The Dictator’s Last Night
An edited version of this review appeared in the Guardian.
Colonel Gaddafi – “the Brotherly Guide, the miracle boy who became the infallible visionary” – possessed a character so colourful it begged entry into fiction. Yasmina Khadra – pseudonym for Algerian ex-military man and bestselling writer Mohammed Moulessehoul – obliges here in “The Dictator’s Last Night”, a title to be fitted alongside such great dictator novels as Marquez’s “The Autumn of the Patriarch” or Vargas Llosa’s “The Feast of the Goat” (the latter set in the last hours of the Dominican strongman Trujillo). Although Khadra matches neither the epic scale nor the experimental virtuosity of those two, his writing here is compulsive, funny, powerfully emotional, and often sinuously intelligent.
For his last night, the “untameable jealous tiger that urinates on international conventions to mark his territory” is confined to a disused school in Sirte, the sky aflame with NATO bombs and rebel bullets, his generals either fleeing or collapsing from exhaustion.
Like Hitler in the bunker he rails against his people’s betrayal – “Libya owes me everything!” – against the West which so recently feted him and, with no irony at all, against his fellow Arab autocrats, those “pleasure-seeking gluttons.”
Khadra’s imagining of him is probably pretty accurate: bullying, mercurial, grandiose, containing an egomaniac’s contradictions – self-obsessed but craving approval, ruthless but oversensitive. It’s “my full moon, nobody else’s,” he declares, and “Everything I did worked.”
Gaddafi remembers his poor Beduin beginnings, fatherless and disturbed, and his struggles against “the barriers of prejudice”. He was spurned when, as a young officer, he proposed marriage to a social superior. The reader sympathises with the humiliation – until shown the nature of the dictator’s later response. Gaddafi’s voice careers from sentimentality to brutality and back, and at first the reader’s heart follows.
To read is to switch between extremes, for Gaddafi is “One day the predator, the next the prey,” and because that’s the way his mind works anyway. His massacres and sordid revenge dramas are interweaved with his romanticism, by the poetry of desert life. His belief in himself as “mythology made flesh” alternates with a fatalism in which he merely plays a role written by a forgetful God.
After his nightly heroin injection, Gaddafi remembers “the women I have graced with my manhood”. He evokes the “sublime illness called love” even as he recounts his rapes, his conquests “inert at my feet”. The writer chooses (perhaps judiciously) not to make too much of this aspect of the dictator’s personality. The facts recounted in Annick Cojean’s book “Gaddafi’s Harem” are far more lurid than Khadra is here.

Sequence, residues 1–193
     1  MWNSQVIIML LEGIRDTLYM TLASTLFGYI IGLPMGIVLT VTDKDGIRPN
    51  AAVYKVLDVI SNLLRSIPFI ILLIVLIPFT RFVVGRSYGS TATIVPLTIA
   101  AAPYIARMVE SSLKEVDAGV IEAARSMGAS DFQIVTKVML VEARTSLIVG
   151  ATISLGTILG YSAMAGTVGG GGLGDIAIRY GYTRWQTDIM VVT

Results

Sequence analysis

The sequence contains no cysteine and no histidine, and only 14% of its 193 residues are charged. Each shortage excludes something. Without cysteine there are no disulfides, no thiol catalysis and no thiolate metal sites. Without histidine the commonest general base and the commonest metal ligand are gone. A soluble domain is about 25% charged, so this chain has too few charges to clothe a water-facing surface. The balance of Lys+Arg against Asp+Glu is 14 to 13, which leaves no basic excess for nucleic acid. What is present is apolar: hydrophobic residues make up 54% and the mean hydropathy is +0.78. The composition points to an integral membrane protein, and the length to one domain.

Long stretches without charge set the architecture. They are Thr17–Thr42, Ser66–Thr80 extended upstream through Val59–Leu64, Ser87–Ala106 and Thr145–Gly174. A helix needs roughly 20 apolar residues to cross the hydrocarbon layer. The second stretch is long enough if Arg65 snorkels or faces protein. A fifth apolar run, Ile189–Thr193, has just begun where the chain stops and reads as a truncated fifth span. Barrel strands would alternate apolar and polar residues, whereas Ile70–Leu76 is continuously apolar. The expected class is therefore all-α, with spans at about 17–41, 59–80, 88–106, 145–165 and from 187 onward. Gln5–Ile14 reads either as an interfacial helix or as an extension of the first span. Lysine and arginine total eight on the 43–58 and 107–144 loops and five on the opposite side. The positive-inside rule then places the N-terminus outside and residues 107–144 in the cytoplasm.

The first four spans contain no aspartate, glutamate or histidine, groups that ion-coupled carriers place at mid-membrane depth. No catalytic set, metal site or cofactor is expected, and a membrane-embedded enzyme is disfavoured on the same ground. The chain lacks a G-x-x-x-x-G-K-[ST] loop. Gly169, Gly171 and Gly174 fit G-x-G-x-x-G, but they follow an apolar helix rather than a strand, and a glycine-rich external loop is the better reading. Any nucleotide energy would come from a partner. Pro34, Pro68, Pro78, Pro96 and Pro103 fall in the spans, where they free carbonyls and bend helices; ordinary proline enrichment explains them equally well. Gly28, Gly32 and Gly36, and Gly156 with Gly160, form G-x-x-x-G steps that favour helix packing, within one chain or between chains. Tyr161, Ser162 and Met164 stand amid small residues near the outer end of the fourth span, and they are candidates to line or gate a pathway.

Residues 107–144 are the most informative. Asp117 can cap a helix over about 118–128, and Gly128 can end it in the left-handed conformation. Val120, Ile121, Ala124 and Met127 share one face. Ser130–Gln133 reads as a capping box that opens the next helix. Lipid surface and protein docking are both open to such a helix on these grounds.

As amusing as it is disturbing, the novel plays on the tyrant’s comic inconsistencies, the comedy of his real-life language, with lightness and sureness of touch. The Brotherly Guide is full of sentences like this: “Everyone understands how vulnerable I am, everyone knows I am extremely sensitive to comments which, when they are disobliging, make me so furious that I could drink the blood of him who is ill-mannered enough to make them.”
There’s plenty of megalomaniac diction and some glorious speechifying. Sometimes the language becomes sub-scriptural, because “Everything I say is gospel, everything I think is a portent.”
Sadly, this is more of a balanced portrayal than a parody. Gaddafi was a man who, despite learning entirely the wrong lessons from his experience of injustice, was convinced of his function as a salutary font of practical and mystical wisdom – “such a phenomenon that I only had to pick up any old pebble for it to become the philosopher’s stone.” Added to his wildly inconsistent Green Book – studied by schoolchildren and broadcast on state TV – the colonel wrote science fiction stories.
Khadra’s novel attempts to match the size of its subject’s imagination, through unhinged rants, memories and reflections, and particularly in dream sequences. One stars a dead Saddam Hussain; a recurring nightmare features Vincent van Gogh. “Power is hallucinogenic,” muses Gaddafi in one of his more lucid stretches, a matter of “murderous daydreams”. On the final page we learn the sound logic behind van Gogh’s haunting of the leader.
As the logistical-military drama of the last hours drives the book towards its conclusion, a conversation between Gaddafi and his officers enacts, at various levels of irony – ironic because it’s Gaddafi speaking, and because, behind him, the ex-officer writing is so closely associated with a neighbouring police state – a debate on revolution and the responsibility for its ugly aftermath.
Those who remain at the centre of Libya’s drama, those who’ll have to finally pick some order out of the current chaos, are the Libyan people. Hisham Matar’s English-language novels offer sober insight into the tyrant’s rule from their perspective. But to see from the dictator’s imagined height, Yasmina’s Khadra’s perceptive and confident novel (translated from the French by Julian Evans) is an unmissable entertainment.